Trivia for NK Jemisin fans out there: This book was a finalist to be considered for the 2017 Hugo, which eventually went to THE OBELISK GATE.

casella's review against another edition

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4.0

Absolutely brilliant, challenging, inventive story. A true "novel of ideas". Style may turn some people off, but for me it was a delight. Highly recommended if you're looking for cerebral, many-layered SF.

Full review on Positron: http://positronchicago.blogspot.com/2016/09/review-too-like-lightning.html

capellan's review against another edition

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1.0

I hated this, and finished it only because that hatred did not fully coalesce until I was 80% of the way through.

Tiresome authorial gimmickry, vile and stupid one-dimensional characters, a plot that doesn't actually properly start until the final chapter because it wants you to buy book 2 (and 3 and 4 -- none of which I will read), and a whole bunch of juvenile sexual peccadilloes.

The worst thing I've read since London Fields.

mailis_m's review against another edition

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1.0

DNF at page 76.

I was quite excited about that book, I knew it was going to be an ambitious one and a hard one to read, so I got myself ready and started it....

Well, I didn't knew what I was in for. In those 76 pages I had the urge to throw the book on the over side of the room at least 3 times with frustration and anger and another time where I laughed really hard at the absurdity of one of the sentence.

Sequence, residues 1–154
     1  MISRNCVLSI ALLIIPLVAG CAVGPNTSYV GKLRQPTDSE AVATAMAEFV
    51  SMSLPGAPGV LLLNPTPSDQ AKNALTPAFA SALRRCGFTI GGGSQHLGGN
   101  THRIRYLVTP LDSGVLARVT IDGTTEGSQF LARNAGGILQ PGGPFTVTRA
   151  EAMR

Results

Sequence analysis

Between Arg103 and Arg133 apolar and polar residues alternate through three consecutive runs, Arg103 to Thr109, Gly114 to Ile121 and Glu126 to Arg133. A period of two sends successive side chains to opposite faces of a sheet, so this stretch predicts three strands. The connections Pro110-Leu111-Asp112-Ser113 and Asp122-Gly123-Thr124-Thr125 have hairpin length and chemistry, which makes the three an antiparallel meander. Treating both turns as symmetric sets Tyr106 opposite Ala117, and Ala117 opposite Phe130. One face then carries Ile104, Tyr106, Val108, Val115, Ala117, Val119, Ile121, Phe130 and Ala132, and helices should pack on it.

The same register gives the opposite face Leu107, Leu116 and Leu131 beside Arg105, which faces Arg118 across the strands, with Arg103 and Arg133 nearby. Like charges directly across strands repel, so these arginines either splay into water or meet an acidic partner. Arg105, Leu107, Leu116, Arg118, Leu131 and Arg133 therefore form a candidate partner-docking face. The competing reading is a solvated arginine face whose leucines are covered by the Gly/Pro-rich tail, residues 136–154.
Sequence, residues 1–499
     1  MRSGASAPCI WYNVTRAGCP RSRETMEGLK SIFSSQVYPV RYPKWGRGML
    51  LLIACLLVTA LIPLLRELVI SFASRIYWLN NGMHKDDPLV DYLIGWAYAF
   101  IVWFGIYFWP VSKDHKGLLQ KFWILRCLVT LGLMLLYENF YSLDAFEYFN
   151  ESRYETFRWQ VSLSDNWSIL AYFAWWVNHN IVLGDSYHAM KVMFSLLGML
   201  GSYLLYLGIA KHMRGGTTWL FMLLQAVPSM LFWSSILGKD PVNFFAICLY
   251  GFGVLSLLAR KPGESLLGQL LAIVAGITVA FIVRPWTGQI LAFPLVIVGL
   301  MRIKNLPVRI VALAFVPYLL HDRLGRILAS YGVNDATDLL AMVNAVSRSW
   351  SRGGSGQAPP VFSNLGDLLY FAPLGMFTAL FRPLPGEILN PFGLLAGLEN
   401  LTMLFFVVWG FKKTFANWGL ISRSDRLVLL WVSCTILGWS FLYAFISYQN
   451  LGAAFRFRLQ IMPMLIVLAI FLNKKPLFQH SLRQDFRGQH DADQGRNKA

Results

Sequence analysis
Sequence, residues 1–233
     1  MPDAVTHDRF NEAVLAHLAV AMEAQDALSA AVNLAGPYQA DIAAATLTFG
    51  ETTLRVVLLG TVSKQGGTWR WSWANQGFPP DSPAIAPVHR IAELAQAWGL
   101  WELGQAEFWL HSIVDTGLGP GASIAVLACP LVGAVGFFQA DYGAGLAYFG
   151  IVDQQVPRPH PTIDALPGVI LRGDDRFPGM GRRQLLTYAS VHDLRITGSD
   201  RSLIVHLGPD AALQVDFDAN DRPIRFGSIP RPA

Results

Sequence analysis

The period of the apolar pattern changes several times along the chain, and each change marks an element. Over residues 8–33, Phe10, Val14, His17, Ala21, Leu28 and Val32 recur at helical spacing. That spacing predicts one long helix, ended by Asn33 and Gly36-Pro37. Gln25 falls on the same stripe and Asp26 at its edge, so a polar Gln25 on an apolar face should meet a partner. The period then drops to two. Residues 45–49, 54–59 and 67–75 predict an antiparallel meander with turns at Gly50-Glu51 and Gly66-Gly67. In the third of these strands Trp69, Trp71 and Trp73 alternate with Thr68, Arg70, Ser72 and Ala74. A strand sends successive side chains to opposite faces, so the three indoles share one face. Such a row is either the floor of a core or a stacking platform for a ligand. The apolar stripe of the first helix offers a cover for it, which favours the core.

Its a hard miss for me.

badmc's review against another edition

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3.0

This is a murder mystery in 25th century, where gender and religion are illegal, and some really weird world leaders meet in unusual circumstances. Aaaand it's all narrated by a serial killer. Also, there is a god in a child's form. Really.

I took my time with this book. It's thickly layered with philosophy and it raises many interesting questions, which for me boiled down to "What does it mean be human?". It is easy to get lost in this book, full of characters, places, and ideas all thrown at you. In this 'sink or swim' situation I merely floated, letting most of it flow past and choosing that which I found interesting. I chose to ignore numerous and confusing characters (there is no index) and focused on the few: our narrator, the boy he guards, and a "family" he is a part of.

This is a slow burner. Stuff happens, but it is hard to follow, and interwoven with meta moments I didn't care for much. The author really put thought in it: you can immerse yourself in linguistics, in psychology, sociology, statistics, theology... It was a bit much at times, to tell the truth. It didn't help that the narrative jumped around quite a lot, and that being confused about character interactions, or kept in the dark about their motives, also means you don't care for them that much. What kept me going was curiosity, more than anything else: what will the author throw in next? Which philosopher also found his home in this 25th century setting?

The book really starts going in the second half, the pace accelerates, the stakes get higher (or don't, but one just then manages to grasp all the clues), and down the rabbit hole you go. I was very repulsed by some of the scenes and all that "moral is relative and a social construct" bit about how the actions of human animals is also quite ambiguous and really, can you prescribe moral standards to beings quite outside your world?... it just made me sick and made most of the characters unappealing. That is not a good thing, damn it! I want to root for someone!

All that being said, I will read on. This is just too interesting to pass up!